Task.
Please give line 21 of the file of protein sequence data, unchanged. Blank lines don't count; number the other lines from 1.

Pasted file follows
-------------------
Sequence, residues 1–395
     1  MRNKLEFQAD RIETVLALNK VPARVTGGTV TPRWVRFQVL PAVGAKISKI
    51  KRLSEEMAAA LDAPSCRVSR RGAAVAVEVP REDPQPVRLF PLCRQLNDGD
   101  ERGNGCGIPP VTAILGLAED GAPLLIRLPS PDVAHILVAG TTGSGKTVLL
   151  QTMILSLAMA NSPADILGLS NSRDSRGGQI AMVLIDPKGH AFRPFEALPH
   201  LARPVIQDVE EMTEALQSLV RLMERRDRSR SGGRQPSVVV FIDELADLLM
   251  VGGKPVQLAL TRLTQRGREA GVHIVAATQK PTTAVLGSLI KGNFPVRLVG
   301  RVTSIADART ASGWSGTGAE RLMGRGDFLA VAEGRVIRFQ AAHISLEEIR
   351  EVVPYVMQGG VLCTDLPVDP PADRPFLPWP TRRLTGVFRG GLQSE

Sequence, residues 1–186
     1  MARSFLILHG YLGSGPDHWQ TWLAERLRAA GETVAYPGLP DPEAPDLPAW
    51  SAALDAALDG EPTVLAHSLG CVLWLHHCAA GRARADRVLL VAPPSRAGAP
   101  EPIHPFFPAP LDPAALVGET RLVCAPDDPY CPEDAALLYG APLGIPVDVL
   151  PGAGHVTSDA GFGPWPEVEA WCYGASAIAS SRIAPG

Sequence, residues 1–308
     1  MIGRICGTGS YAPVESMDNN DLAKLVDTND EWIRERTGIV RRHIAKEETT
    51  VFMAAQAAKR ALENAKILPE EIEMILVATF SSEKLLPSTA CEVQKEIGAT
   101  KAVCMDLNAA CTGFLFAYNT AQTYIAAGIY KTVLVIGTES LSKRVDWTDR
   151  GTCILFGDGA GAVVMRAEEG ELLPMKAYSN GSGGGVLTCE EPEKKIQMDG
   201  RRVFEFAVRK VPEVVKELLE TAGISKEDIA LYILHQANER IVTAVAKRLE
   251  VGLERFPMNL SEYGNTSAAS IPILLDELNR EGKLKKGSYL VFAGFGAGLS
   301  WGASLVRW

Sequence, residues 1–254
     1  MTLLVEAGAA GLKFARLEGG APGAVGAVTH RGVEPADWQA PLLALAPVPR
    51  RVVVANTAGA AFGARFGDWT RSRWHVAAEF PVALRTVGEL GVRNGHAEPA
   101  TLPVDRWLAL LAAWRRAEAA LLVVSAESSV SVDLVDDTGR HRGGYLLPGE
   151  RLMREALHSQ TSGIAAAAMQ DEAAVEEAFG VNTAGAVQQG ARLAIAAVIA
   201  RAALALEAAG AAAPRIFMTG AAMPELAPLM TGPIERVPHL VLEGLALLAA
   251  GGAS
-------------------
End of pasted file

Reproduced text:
   251  VGLERFPMNL SEYGNTSAAS IPILLDELNR EGKLKKGSYL VFAGFGAGLS